How do you catch people’s attention, describe your research question and methodology and explain the significance of your findings, all while using plain language and doing it all in just three minutes and with one slide?
Well, you might start with this sentence: “We are in a pandemic, but not the one you’re thinking of.”
Physical therapy doctoral student Anna Weymann used a dozen words to powerfully introduce her doctoral research: how movement-based neurological rehabilitation can help retrain addicted brains. Given how widespread addiction is—in 2020, the number of overdose deaths in the United States more than doubled the number of COVID-19 deaths—understanding better ways to treat this condition has never been more critical.
“This is a crucial area of education and research that needs all medical specialties contributing to solutions,” said Weymann, who is part of NAU’s Culturally Centered Addictions and Research Training program (C-CART). “My hope is that this hypothesis can support rehabilitation for both substance use disorders and behavioral addictions that are increasingly abundant in our society.
Weymann was the winner of NAU’s ninth annual 3-Minute Research Presentations (3MRP). This international program challenges graduate students to describe their work to a non-expert audience with a severe time limit, helping them to focus on what is most important and communicating their work in an approachable way. It is planned and sponsored each year by the Graduate College.
NAU’s competition, which included a Graduate School Government Poster Symposium, took place Thursday at the High Country Conference Center with 11 grad students in a variety of programs presenting. Provost Karen Pugliesi said the 3MRP finals were the highlight of the academic year for her.
“This is a celebration of the research and contributions of our graduate students,” she said. “Importantly, it’s a recognition of the talent that we have the privilege to host as part of our university.”
Weymann’s research, which also netted her a People’s Choice Award, stems from a lifelong interest in what drives human behavior and the dopamine system. It is focused on making connections and developing hypotheses based on the limited available research on movement interventions.
“What I wanted to convey in my 3MRP is that the impact of addiction is seen in our behaviors every day, and behaviors that are health-reducing impact motivation for other activities that are potentially more health-promoting,” she said. “Some common potentially health-reducing behaviors, which stimulate the same pathways as substance use disorders, are excessive internet, video game and cell phone use, as well as lifestyle choices such as diets high in processed sugar. Understanding the neurobiology of addiction and how to rehabilitate the brain is a keystone to supporting the health of our society.”
In continuing this research, Weymann’s hope is to collaborate with other C-CART scholars and a local organization that supports people who are overcoming substance abuse disorders to determine what needs exist in this population and if people would be open to movement-based interventions.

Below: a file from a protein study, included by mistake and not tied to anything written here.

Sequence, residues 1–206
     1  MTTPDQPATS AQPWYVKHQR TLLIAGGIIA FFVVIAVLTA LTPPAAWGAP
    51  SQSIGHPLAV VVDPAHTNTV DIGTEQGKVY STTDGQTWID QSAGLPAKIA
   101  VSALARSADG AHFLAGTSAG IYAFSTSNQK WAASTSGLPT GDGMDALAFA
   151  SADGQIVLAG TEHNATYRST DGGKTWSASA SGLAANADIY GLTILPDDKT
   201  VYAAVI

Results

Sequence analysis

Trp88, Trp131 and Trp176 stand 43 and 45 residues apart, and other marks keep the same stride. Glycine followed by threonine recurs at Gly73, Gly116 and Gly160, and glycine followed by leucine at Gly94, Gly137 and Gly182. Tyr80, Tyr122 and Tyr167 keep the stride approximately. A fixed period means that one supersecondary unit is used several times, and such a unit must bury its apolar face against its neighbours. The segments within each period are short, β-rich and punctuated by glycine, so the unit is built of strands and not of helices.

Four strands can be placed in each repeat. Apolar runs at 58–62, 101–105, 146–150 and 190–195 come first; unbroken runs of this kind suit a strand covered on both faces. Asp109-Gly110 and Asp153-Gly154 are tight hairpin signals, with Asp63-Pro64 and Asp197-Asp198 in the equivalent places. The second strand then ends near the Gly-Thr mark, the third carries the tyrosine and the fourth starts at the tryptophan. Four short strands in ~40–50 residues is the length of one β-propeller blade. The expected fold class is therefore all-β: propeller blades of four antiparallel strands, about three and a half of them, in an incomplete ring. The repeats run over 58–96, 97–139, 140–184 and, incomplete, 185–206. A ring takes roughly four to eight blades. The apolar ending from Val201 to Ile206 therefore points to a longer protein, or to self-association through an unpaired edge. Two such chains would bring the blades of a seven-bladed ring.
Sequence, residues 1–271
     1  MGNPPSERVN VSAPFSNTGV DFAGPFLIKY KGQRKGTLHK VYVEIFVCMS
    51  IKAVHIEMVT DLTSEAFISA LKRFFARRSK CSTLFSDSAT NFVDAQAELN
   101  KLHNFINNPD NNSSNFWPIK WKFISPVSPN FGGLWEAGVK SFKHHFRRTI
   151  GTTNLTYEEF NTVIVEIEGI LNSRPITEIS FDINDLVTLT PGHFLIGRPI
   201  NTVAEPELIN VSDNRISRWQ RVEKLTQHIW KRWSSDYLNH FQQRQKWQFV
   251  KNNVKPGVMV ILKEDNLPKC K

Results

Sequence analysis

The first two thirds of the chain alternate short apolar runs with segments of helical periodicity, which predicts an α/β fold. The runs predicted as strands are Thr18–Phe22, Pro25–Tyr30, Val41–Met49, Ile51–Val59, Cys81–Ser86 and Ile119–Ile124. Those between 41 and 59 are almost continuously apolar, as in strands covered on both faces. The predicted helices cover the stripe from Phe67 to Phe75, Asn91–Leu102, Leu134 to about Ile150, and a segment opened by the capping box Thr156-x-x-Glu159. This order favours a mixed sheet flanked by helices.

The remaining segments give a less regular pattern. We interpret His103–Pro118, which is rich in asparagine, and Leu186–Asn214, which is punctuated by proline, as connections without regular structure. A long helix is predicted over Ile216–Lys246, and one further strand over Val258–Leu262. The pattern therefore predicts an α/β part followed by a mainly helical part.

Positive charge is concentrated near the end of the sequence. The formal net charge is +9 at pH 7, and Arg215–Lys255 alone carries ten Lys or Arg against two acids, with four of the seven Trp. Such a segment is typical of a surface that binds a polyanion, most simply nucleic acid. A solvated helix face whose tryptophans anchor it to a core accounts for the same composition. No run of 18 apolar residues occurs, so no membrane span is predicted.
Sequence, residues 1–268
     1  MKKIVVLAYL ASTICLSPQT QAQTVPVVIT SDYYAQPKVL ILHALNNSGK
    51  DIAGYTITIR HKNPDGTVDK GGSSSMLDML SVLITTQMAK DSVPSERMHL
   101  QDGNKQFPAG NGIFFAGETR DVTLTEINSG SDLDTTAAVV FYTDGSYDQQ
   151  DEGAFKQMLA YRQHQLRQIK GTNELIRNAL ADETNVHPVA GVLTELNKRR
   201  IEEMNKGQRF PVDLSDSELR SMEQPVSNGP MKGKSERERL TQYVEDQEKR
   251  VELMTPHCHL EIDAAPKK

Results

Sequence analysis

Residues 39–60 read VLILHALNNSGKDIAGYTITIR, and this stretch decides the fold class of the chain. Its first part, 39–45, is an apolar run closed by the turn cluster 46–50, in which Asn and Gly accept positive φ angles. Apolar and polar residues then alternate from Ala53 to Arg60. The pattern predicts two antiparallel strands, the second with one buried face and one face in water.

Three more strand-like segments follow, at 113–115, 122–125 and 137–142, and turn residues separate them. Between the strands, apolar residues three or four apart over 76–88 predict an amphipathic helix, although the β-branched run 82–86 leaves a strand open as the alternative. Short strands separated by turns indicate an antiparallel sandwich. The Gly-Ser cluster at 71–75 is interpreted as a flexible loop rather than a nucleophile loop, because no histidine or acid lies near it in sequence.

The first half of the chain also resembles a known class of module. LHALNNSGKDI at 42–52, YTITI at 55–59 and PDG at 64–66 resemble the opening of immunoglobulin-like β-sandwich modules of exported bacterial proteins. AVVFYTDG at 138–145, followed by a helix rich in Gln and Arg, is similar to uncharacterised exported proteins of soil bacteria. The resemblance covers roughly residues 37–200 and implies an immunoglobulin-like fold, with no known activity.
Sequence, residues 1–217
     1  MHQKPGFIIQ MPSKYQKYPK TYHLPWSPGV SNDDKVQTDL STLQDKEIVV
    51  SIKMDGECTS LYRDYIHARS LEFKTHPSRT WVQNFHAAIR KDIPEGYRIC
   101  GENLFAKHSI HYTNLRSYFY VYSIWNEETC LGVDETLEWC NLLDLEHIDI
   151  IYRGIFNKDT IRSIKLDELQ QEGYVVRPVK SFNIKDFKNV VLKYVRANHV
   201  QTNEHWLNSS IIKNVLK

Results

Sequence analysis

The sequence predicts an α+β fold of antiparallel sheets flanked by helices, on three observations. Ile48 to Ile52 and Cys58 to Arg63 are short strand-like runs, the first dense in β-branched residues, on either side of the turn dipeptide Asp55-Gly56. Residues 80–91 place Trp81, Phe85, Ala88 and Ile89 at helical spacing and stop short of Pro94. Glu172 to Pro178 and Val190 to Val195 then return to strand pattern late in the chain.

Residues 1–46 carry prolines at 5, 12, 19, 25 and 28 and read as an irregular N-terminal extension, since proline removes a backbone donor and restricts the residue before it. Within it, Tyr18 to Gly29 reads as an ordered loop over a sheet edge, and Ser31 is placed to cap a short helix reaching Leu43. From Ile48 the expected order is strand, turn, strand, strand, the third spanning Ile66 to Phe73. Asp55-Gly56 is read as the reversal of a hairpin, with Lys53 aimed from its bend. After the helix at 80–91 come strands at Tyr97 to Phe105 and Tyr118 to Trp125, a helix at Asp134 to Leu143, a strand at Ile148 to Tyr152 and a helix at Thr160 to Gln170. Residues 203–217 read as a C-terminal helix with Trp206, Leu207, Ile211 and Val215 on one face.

The judges were: Sharon Singer Doctor, director of student life experience in Indigenous Student Success; John Doherty; head of teaching, learning and research services in Cline Library; Mahendra Joshi, MBA graduate coordinator in The W. A. Franke College of Business; General Counsel Michelle Parker; Egbert Schwartz, professor of biological sciences; Gina Kaiser Vance, associate vice provost of NAU Online; and Jessica Wood, associate chair of the Department of Global Languages and Cultures.
Layla Alden, Ph.D. in curriculum and instruction, College of Education
Project: 1,000 years strong!
Kylee Austin, doctor of physical therapy, College of Health and Human Services
Project: Like, Love, Post, and Repost: The Role of Social Media in Building Diversity in University Enrollment
Betsy Black, master’s in biology, College of Forestry and Natural Sciences
Project: What does a change in the composition of boreal forests mean for the destiny of the carbon they store?
Tiantian Feng, Ph.D. in curriculum and instruction, College of Education
Project: Using Literature Circles to Enhance Teaching of English as a Foreign Language (EFL)—A Pilot Study with Chinese Pre-service Teachers
Whitney Holeva-Eklund, Ph.D. in interdisciplinary health, College of Health and Human Services
Project: Species Distribution Modeling of Aedes aegypti in Maricopa County, Arizona from 2014-2020: Toward Better Preparedness for Dengue, Yellow Fever, Chikungunya, and Zika
Elli Morris, master’s in forestry, College of Forestry and Natural Sciences
Project: Who gives a crap? Hikers do, that’s who!
Rebecca Seeger, Ph.D. in curriculum and instruction, College of Education
Project: College-in-Prison Programs: Face-to-Face or Correspondence—Does it Matter?
Natalie Papini, Ph.D. in interdisciplinary health, College of Health and Human Services
Project: Self-Compassion and Body Image in Pregnancy and Postpartum: A Randomized Controlled Trial of a Brief Self-Compassion Meditation Intervention
Candi Running Bear, Ph.D. in curriculum and instruction, College of Education
Project: A Comparison of the Engagement of Native American Preschoolers with Disabilities When Using General Picture Books, Culturally Relevant Picture Books, and Squishy Books
Isabel Tíclo, doctor of physical therapy, College of Health and Human Services
Project: Analyzing Racial Disparities in Stroke Severity During America’s Most Diverse Era
Anna Weymann, doctor of physical therapy, College of Health and Human Services
Project: We’re All Addicts: Destigmatizing Substance Use Disorders
First place: Anna Weymann
Second place: Whitney Holeva-Eklund
Third place (tie): Natalie Papini and Candi Running Bear
People’s Choice Awards (tie): Tiantian Chen and Anna Weymann